Watch/touch in .NET Core

Publish date: May 2, 2019
Tags: .net core, c#

An inspiration

Recently I went through an amazing book on Node.js called: Node.js 8 the Right Way , by Jim Wilson. There was a nice example showing how to watch for file changes in node. This was just a few lines of code, plus a bash command which would touch (create/modify) a file every few seconds. This was a setup to demonstrate the way in which node can exchange messages and watch for file changes. Afterwards he recreated the app multiple times, adding more robustness and functionalities. Ending up with the grand ZeroMQ finale! It was really a joy to follow this!

.NET Core version

Lately I thought to myself: “This should be possible in .NET Core, why wouldn’t it?” So here is my first try:

using System;
using System.IO;
using System.Threading;
using System.Threading.Tasks;

namespace Watch
{
   class Program
   {
       static void Main(string[] args)
       {
           Parallel.Invoke(
               () => WatchForChanges(),
               () => WriteStuff()
           );
       }

       public static void WatchForChanges()
       {
           using (var watcher = new FileSystemWatcher(Environment.CurrentDirectory))
           {
               watcher.NotifyFilter = NotifyFilters.LastAccess | 
                                      NotifyFilters.LastWrite;
               watcher.Changed += (source, e) => System.Console.WriteLine($"Changed {e.Name} at {DateTime.Now}");
               watcher.EnableRaisingEvents = true;
               while (true) { }
           }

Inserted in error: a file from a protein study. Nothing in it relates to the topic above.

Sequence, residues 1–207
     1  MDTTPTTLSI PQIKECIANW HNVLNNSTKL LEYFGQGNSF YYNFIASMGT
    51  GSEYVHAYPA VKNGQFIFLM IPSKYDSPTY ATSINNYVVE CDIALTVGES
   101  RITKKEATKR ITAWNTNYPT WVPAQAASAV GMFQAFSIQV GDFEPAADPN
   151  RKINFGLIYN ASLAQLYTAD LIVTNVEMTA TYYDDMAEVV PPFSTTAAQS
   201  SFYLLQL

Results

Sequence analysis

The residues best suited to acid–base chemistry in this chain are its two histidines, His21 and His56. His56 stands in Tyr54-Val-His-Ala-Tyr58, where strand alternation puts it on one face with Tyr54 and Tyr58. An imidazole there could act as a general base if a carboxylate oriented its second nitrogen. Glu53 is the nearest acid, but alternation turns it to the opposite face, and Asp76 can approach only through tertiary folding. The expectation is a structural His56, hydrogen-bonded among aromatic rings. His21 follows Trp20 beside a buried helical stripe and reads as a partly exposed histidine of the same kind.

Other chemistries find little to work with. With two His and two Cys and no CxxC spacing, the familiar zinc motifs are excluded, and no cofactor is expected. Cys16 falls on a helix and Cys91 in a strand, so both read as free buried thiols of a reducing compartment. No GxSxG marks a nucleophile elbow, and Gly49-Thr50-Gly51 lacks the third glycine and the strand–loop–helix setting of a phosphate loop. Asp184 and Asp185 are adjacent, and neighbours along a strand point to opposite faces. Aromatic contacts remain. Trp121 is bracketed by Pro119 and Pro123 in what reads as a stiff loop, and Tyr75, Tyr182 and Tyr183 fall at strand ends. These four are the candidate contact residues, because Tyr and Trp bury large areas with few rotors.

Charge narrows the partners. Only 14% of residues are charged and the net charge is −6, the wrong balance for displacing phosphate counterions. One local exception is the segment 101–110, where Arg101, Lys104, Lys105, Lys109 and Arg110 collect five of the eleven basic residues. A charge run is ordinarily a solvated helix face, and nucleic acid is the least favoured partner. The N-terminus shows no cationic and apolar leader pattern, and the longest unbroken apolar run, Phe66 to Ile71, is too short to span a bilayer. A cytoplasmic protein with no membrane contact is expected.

}

       public static void WriteStuff()
       {
           while (true)
           {
               Thread.Sleep(500);
               using (StreamWriter sw = new StreamWriter(Path.Combine(Environment.CurrentDirectory, "stuff.txt")))
               {
                   sw.WriteLine("stuff", true);
               }
           }
       }
   }
}

The thought process

We need to do 2 things, which means 2 methods (unless you want to break the SRP):

  1. One will notify as when the change happens.
  2. The other one will act upon a file we are going to watch, which will trigger the notification.

The great advantage of .NET Core is that we can use multiple cores so easily. We don’t have to write two separate applications (we probably would, if we considered this for some more serious purpose). This is achieved by using Parallel.Invoke() and passing in actions we want to do. This method doesn’t care about the order you pass the actions in. They will not go off one by one, but kind of randomly, so keep that in mind.